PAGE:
A dummy from a costume shop was outfitted in a black hoodie and wing pants. Producer Martin Khodabakhshian used the dummy as a stand-in for Jordan Burnham, who had survived a suicide plunge from a ninth-floor window.
“This was more of an experiment – I didn’t know if it would be cheesy or offensive,” Khodabakhshian recalled.
He considered a drop of the dummy from the bedroom window, but decided the image would be “too much”. Instead, the dummy was thrown from the hood of a car, and filmed as it plummeted downward, silhouetted against a white sky.
Powerful images, for sure, but Khodabakhshian wondered if they might be too...something. Uncertain, he consulted E:60’s management team.
“It’s not just you deciding in the end this is right for what we’re doing,” Khodabakhshian said. “There’s nothing wrong with getting input from the subject, photo editors, bosses and peers. They help you decide if you’ve gone too far or not far enough.”
Producers walk a fine line on re-enactment and specialty B roll.
E:60 executive producer Andy Tennant produced a piece in 2002 on a former Buffalo Bills running back, Doug Goodwin, who had received a heart transplant in Manhattan on the morning of 9/11. The story included re-enactments of the donor heart harvested in Boston by two surgeons, flown to New Jersey, and shuttled across the George Washington Bridge minutes before the bridge was closed.
The re-enactment was so lifelike that some at ESPN thought Tennant had shot the story live. Tennant ultimately added a ‘re-enactment’ font at the start of the sequence.
“The way you shoot a re-enactment will determine how it’s accepted by viewers,” Tennant said. “If it’s shot to match the time of day, at live speed, off the shoulder, it will give the appearance that it’s live and the story is unfolding.
“We discuss re-enactments often – how to do them – where to draw the line – what’s over the top and what’s acceptable.”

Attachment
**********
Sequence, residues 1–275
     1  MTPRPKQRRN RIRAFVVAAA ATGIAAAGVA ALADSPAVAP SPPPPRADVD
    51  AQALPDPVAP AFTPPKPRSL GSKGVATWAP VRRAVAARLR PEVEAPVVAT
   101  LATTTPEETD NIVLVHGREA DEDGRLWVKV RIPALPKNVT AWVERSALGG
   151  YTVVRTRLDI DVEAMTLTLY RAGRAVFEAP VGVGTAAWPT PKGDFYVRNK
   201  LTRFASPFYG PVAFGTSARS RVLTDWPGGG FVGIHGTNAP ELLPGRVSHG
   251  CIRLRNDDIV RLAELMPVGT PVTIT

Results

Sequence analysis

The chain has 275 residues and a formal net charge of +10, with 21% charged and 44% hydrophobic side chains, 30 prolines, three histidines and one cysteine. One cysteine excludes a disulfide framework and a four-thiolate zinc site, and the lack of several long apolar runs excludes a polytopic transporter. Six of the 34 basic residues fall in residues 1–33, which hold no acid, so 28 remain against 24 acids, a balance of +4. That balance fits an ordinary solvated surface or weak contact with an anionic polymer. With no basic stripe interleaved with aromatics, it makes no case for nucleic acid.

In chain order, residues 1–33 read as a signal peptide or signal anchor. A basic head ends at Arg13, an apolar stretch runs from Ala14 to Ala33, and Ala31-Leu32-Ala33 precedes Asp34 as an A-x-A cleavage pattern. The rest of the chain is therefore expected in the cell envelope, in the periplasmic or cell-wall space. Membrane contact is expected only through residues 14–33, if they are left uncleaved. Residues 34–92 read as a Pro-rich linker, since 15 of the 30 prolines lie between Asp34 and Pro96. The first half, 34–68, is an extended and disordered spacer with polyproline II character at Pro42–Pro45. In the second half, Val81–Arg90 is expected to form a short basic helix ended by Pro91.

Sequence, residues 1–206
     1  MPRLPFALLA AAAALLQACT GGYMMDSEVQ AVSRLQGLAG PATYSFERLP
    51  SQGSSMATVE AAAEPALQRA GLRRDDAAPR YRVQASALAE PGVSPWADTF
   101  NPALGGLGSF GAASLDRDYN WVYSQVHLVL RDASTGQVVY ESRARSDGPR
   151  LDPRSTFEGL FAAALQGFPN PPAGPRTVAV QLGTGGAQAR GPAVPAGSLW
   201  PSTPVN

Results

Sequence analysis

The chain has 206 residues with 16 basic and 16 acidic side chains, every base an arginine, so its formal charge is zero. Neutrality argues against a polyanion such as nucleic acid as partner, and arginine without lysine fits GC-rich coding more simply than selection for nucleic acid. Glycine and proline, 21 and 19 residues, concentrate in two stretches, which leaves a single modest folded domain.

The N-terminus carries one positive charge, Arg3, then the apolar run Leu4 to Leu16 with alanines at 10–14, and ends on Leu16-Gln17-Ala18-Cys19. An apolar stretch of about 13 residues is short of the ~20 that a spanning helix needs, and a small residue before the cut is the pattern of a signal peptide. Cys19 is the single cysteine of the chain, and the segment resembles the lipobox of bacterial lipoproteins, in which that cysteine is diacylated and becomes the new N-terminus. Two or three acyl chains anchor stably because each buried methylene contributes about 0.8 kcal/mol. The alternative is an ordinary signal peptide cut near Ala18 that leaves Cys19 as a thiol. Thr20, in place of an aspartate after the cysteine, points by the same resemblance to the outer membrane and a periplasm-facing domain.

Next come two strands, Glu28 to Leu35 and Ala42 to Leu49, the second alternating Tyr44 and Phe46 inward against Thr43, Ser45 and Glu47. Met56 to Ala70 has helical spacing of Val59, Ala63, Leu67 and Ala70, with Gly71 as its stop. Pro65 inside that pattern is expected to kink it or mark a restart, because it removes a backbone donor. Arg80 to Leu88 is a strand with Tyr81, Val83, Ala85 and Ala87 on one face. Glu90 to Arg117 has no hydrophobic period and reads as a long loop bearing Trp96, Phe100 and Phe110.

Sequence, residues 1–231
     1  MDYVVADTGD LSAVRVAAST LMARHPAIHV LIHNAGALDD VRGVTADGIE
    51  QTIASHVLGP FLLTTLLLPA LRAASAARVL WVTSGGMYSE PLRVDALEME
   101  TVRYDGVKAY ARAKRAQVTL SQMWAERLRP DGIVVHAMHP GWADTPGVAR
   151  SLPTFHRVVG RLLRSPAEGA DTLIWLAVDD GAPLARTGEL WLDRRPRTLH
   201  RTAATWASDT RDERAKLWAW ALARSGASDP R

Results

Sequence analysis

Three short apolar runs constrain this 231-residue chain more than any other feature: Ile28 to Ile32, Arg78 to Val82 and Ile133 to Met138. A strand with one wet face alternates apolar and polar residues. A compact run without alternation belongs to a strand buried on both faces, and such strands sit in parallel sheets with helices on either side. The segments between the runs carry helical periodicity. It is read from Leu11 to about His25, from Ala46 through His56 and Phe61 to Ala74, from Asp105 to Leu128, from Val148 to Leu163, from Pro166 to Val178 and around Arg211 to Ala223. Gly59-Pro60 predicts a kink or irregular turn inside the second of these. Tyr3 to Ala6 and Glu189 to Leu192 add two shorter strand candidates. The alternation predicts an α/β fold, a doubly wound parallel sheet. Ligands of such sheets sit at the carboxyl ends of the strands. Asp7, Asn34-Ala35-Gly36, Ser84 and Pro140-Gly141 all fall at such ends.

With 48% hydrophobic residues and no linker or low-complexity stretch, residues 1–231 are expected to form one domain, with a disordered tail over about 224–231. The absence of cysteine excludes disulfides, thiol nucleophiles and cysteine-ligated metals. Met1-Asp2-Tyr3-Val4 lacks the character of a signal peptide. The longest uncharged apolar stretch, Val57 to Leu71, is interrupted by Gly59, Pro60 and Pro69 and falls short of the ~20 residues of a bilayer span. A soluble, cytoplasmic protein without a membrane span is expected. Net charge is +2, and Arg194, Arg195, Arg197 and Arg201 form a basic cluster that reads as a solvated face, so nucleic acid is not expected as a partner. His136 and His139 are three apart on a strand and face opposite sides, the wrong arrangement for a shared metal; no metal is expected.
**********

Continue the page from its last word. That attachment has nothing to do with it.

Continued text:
The history of re-enactment is as old as the re-enactment of history. So said an Oxford professor of metaphysics, R. G. Collingwood, who died in 1943. “History is the re-enactment of the past in the mind,” he wrote.
Film re-enactment enjoyed a watershed moment in 1988 in documentary filmmaker Errol Morris’s award-winning “The Thin Blue Line”. Morris’ re-enactment of the murder of a Dallas police officer, based on interviews, trial testimony and evidence, was so persuasive that it resulted in the over-turning of the conviction of a man sentenced to death.
In the last decade, cable viewers grew accustomed to re-enactments in the programming of the History, Discovery and Sci-Fi channels.
But a 2005 documentary film, “Mighty Times: The Children’s March” – about a 1963 civil rights protest by thousands of children in Birmingham, Ala. – was controversial for its use of re-enactment. The filmmakers, Bobby Houston and Robert Hudson, recreated scenes with vintage cameras and distressed film stock to shoot more than 700 extras, trained dogs, period autos and fire engines at various locations in Southern California. Real archival footage and re-enacted footage were woven together. Shots from other cities were edited into the footage from Birmingham.